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Educators help freshmen advocate for Israel

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Hasbara has brought more than 1,800 students to its biannual training workshops in Israel and is on more than 250 campuses throughout the United States and Canada. Hasbara also provides a variety of options to help extend the knowledge about Israel on campus, through various training classes, film screenings, and speakers for student organizations.

Area teens heading to college may encounter anti-Israel and anti-Semitic attitudes and behavior there – and educators and youth leaders have ways to manage an often overwhelming experience.

“For freshman going to college, it can be a very surprising experience, especially if you come from a tight-knit Jewish community, or a Jewish school,” says Andrew Getraer, the executive director of Rutgers University Hillel in New Brunswick. “Most high school students have never had to deal with such a variety of opinions and events, especially ones that may directly challenge their own.”

Getraer notes that while recent news like that of the Gaza flotilla raid is hard for government officials and adults to digest or respond to, “imagine how hard it is for 18-year-olds to hear Israel attacked on their own campus, just as it’s attacked on television news channels.”

Student groups often sponsor events condemning Israel, as The Jewish Standard has reported. Israeli Apartheid Week, for example, was held for its sixth consecutive year in March, on many campuses. According to the IAW website, the goal of the event is to “educate people about the nature of Israel as an apartheid system and to build Boycott, Divestment, and Sanctions (BDS) campaigns as part of a growing global BDS movement.”

IAW often invites speakers who are known for their virulent anti-Israel sentiments and critiques. Michael Cohen, a Wayne resident who is entering his junior year at Boston University, said of a speech by Noam Chomsky, a persistent and harsh critic of Israel, during IAW at his campus, “Growing up in a relatively sheltered community that had a large Jewish presence, I never experienced anything like it. I was shocked.”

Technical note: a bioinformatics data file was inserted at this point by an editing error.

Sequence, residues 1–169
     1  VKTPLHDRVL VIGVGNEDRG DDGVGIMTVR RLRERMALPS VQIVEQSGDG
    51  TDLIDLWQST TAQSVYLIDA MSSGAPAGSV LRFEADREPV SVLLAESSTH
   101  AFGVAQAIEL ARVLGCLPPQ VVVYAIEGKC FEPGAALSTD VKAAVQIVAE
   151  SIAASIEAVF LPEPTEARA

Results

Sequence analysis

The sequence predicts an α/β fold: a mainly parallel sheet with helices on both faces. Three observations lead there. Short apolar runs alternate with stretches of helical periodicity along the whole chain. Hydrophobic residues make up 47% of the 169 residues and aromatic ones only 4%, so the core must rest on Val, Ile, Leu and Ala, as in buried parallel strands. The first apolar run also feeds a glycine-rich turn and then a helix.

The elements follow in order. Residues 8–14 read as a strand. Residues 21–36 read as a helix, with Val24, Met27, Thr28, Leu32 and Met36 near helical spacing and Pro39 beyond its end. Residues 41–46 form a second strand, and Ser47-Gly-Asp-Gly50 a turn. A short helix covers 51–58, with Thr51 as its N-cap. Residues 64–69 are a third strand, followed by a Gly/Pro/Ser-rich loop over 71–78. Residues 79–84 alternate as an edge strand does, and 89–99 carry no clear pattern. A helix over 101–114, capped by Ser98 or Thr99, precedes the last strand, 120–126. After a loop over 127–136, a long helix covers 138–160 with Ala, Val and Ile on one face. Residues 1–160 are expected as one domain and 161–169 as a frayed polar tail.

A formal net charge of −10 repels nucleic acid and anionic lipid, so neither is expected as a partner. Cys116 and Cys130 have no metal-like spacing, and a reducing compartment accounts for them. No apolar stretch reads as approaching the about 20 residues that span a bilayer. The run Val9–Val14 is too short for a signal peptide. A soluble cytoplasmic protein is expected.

The most effective way to respond to such attacks, according to Lauren Krol, director of the Young Professionals of Hasbara Fellowships, is for students to learn, and for advocacy groups to educate them, “about Israel’s true nature, as a democracy and a peace-seeking nation.”

The organization, founded in 2001, aims to establish successful Israel advocacy on campuses throughout the United States and Canada. It provides information, fact sheets, and educational videos on its website, www.israelactivism.com.

IAW was a hot topic during Hasbara’s workshop last winter. Students taking it wondered why there wasn’t a more united response across campuses. The result, according to Krol, was “Israel Peace Week.” In 2010, this program made its way to more than 30 different schools.

Krol encourages supporters of Israel to keep in mind that “they are on the front line; they should use every opportunity they have to get across a positive image, and they must always remember the bigger picture.”

Rutgers’ Getraer explains that situations on some campuses are more difficult for Jewish students than others. “Any campus might have a wide range of opinions,” he says, “and some may be anti-Israel – this can be very upsetting or confusing for many students.”

At Rutgers, he says, students are encouraged to tell Hillel about hostility in their dorms, in class, or on campus, because it can help.

Another simple recommendation, he said: Pick a school with a Jewish community. “We have over 5,000 Jewish students,” Getraer says of Rutgers. “If students feel threatened, they always have a place to go.”

Northern New Jersey Hillel – part of UJA Federation of Northern New Jersey – runs Jewish student clubs at Bergen Community College (Paramus), Fairleigh Dickinson University Metropolitan (Teaneck) Campus, Ramapo College of New Jersey (Mahwah), and William Paterson University (Wayne). Director Rabbi Ely Allen explains that these local campuses do engage in classroom discussion and debate, but that overall, organized events like IAW are not as great a problem as on other campuses.

Allen says that college students are “in much better shape [to respond to anti-Israel attacks] because of Israel advocacy organizations that are partnering with Hillel; there are more and more of those organizations, which is definitely a big plus, because we all need to work together.”

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